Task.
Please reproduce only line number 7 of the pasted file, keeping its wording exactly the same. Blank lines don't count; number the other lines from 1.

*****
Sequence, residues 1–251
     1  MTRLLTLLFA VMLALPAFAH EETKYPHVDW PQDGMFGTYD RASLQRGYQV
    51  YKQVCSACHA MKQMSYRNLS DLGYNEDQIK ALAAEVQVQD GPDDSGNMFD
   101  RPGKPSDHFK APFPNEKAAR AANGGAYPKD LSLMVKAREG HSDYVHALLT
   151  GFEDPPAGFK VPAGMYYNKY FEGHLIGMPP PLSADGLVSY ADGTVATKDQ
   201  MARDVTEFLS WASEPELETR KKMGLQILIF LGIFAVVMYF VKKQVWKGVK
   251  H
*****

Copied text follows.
   251  H